Thursday, August 30, 2007

Friendly Vampires: A Review of the Twilight Series

I have had a very special place in my heart for vampires ever since I first read Dracula back when I was in third grade. I read it over the course of several weeks during the morning bus ride to school. I have very fond memories of trying to read via streetlight in the early morning hours. I guess there is a reason why I wear glasses today. If you are thinking that Dracula is not exactly suitable material for a third-grade son of a rabbi, well I turned out the way that did for a reason.
To say that I like vampires does not mean that I particularly care for books and films about vampires which are by and large dreadful. The question is what did Dracula do right that has not, by and large, been reproduced by others? Keep in mind that I am talking about the Bram Stoker novel not any of the dozens of films that it spawned. The conclusions that I reached a long time ago were as following.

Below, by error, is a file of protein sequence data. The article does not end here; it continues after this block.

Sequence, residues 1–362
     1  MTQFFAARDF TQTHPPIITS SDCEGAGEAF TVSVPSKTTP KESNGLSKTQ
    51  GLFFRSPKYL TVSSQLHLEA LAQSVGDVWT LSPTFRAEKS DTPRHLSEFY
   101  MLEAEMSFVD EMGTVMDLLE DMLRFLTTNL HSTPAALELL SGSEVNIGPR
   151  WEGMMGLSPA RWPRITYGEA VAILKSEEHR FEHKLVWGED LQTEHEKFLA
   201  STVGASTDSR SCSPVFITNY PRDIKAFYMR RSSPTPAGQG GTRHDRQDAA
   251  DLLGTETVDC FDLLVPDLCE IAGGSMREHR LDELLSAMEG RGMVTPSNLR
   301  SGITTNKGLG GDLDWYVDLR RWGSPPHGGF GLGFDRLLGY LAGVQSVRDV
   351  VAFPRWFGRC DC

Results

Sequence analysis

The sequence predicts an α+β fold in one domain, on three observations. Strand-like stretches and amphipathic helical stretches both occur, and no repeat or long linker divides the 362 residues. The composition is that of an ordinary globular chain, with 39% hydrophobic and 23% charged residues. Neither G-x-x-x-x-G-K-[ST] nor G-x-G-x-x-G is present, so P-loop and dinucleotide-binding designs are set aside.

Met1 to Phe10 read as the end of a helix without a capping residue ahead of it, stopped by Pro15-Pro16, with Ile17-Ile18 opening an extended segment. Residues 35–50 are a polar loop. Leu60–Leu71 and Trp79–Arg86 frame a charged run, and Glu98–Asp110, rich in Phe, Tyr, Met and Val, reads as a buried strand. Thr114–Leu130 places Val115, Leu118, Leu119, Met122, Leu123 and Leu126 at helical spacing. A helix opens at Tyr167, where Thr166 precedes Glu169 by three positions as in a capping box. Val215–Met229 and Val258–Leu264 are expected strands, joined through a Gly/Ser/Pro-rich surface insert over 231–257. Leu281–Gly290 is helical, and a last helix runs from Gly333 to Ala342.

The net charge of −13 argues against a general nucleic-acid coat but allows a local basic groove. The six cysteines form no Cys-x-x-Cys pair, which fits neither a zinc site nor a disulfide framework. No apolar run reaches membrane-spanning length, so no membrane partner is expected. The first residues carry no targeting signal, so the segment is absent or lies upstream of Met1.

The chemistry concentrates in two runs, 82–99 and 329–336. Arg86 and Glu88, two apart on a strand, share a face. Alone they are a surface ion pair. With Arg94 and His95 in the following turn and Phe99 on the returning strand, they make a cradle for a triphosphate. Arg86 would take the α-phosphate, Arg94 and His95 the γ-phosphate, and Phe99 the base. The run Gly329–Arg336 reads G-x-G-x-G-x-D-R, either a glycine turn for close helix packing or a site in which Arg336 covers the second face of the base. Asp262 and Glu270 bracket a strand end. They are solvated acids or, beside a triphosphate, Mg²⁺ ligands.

1) Vampires need to be satanic creatures. Dracula is irredeemably evil. He seeks to drink the blood of as many people as possible (particularly if they are beautiful women), change them into vampires and make them his servants. He is of interest in that he serves as the evil incarnate against which the characters in the story must come face to face with. Any attempt to give vampires redeeming virtues defeats the purpose and reduces the story to a helpless muddle. This is one of the problems with Ann Rice’s Vampire Chronicles, Interview with a Vampire and its sequels. Her main vampires Louis, Lestat and Armand seem to sift their modes of thinking from one page to the next. What do they think about killing humans and under what circumstances? Because of this one fails to connect to the character and the books become nothing more than a bloody mush.